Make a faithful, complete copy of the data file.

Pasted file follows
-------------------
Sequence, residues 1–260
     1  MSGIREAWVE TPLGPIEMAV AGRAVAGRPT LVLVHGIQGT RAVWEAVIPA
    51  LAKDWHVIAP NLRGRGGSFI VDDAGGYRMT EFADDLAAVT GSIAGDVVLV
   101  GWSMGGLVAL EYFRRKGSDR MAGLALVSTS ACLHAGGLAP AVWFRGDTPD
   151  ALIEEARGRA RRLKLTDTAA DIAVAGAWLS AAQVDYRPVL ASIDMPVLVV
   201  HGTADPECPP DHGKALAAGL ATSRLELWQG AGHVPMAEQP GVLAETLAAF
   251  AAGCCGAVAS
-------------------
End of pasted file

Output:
Sequence, residues 1–260
     1  MSGIREAWVE TPLGPIEMAV AGRAVAGRPT LVLVHGIQGT RAVWEAVIPA
    51  LAKDWHVIAP NLRGRGGSFI VDDAGGYRMT EFADDLAAVT GSIAGDVVLV
   101  GWSMGGLVAL EYFRRKGSDR MAGLALVSTS ACLHAGGLAP AVWFRGDTPD
   151  ALIEEARGRA RRLKLTDTAA DIAVAGAWLS AAQVDYRPVL ASIDMPVLVV
   201  HGTADPECPP DHGKALAAGL ATSRLELWQG AGHVPMAEQP GVLAETLAAF
   251  AAGCCGAVAS